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Intonation and Meaning$
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Daniel Büring

Print publication date: 2016

Print ISBN-13: 9780199226269

Published to Oxford Scholarship Online: October 2016

DOI: 10.1093/acprof:oso/9780199226269.001.0001

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Prosodic structure and information structure

Prosodic structure and information structure

Chapter:
(p.164) 7 Prosodic structure and information structure
Source:
Intonation and Meaning
Author(s):

Daniel Büring

Publisher:
Oxford University Press
DOI:10.1093/acprof:oso/9780199226269.003.0007

The earlier rules for relating syntactic focus and givenness marking to accenting are replaced by mapping principles that relate to prosodic structure as introduced in the previous chapter. The resulting picture is similar in spirit and empirical coverage to the purely accent-based incarnation, but is more detailed, accurate, and, arguably, elegant. Subtle effects of focussing and deaccenting follow from the interaction of a small number of general constraints, applied to the kinds of focus-related representations introduced earlier. One striking feature of the resulting picture is that many exceptions to the popular equation focussed=accented, given/backgrounded=unaccented, both known and novel, are systematically predicted. Finally, by giving stress its proper place alongside pitch accenting, an account of so-called Second Occurrence Focus becomes possible; such a ‘focus without accent’ is now a phrasal stress which, by virtue of general constraints on the realization of focus domains, cannot be associated with a pitch accent.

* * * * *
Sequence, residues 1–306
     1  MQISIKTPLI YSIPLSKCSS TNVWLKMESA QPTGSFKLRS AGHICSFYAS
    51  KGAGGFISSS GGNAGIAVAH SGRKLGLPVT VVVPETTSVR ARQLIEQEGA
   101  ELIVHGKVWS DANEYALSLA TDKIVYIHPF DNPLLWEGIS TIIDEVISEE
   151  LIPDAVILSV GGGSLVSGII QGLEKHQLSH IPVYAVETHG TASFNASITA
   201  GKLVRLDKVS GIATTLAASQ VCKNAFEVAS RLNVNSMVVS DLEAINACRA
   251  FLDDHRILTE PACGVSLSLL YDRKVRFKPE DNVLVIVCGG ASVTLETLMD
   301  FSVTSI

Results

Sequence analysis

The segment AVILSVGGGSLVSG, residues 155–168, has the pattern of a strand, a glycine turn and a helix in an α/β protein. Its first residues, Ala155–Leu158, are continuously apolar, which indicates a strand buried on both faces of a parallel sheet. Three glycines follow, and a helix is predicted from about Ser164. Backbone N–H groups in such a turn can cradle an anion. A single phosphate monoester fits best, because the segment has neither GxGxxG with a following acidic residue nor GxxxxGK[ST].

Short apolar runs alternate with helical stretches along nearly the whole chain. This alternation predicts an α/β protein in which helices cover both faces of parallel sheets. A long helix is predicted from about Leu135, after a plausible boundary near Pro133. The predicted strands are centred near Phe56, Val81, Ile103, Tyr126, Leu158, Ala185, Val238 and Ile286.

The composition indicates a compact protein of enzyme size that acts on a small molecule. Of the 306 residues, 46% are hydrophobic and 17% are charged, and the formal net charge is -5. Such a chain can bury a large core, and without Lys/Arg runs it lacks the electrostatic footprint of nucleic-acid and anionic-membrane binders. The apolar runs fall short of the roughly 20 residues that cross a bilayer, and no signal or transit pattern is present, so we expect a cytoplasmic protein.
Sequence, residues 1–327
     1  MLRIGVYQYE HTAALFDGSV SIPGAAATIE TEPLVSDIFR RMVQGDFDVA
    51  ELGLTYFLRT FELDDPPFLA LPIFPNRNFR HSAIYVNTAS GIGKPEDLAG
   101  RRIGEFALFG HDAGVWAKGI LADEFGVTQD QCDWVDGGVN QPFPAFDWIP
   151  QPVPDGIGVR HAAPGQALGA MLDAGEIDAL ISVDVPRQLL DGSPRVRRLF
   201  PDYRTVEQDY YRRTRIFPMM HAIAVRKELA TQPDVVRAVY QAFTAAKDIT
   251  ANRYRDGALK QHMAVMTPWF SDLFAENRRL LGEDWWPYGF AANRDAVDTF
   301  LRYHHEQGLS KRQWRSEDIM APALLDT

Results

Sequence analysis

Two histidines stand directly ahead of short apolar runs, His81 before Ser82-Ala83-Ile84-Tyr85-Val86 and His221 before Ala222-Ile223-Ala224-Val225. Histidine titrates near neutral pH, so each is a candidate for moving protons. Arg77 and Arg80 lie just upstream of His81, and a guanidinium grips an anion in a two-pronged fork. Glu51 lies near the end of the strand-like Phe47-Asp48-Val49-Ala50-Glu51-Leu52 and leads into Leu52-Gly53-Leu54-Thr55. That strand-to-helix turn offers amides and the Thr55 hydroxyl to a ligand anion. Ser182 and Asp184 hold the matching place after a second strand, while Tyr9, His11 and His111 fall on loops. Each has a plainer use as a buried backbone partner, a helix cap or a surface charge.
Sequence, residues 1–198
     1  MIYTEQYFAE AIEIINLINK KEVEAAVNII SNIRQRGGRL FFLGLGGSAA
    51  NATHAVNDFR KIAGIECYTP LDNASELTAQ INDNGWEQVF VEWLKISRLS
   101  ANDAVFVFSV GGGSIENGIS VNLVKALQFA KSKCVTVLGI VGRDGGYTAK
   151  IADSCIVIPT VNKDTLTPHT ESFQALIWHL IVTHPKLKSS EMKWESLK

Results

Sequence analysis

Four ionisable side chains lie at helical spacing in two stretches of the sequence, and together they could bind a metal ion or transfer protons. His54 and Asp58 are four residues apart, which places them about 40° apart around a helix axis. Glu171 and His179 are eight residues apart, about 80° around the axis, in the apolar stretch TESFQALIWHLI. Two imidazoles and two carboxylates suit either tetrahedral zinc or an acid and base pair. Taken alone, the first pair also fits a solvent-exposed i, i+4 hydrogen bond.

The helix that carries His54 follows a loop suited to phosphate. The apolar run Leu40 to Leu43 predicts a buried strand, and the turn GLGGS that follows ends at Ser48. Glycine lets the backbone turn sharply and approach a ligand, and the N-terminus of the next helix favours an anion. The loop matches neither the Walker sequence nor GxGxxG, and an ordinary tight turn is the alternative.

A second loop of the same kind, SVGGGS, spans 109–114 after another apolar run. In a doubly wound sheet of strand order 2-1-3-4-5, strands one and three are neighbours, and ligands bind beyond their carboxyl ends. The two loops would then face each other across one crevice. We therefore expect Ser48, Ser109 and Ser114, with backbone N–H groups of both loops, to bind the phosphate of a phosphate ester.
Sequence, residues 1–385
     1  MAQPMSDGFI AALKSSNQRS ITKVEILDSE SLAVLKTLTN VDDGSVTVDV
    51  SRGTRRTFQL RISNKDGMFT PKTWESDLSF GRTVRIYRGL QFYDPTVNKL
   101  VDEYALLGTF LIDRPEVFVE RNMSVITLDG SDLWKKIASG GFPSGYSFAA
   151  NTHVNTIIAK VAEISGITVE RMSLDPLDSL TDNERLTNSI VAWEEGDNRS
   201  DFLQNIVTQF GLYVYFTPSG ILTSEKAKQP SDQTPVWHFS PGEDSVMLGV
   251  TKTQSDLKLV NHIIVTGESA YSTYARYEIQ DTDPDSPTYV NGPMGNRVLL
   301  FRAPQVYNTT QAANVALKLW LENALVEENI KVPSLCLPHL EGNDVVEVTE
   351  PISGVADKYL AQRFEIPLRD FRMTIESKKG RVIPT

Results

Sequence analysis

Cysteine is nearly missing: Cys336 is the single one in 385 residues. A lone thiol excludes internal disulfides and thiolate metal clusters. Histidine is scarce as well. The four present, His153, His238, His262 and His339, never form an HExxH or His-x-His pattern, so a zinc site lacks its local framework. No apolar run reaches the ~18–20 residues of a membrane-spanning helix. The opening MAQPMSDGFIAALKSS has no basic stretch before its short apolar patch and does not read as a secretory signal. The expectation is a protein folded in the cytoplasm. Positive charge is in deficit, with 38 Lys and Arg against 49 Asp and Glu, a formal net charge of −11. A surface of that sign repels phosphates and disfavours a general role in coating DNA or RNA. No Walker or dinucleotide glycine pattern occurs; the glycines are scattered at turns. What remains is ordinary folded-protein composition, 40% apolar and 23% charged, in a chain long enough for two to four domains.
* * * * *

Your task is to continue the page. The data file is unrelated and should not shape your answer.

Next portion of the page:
Keywords:   prosodic structure, stress, stress assignments, information structure, pre-nuclear accents, deaccenting, Second Occurrence Focus

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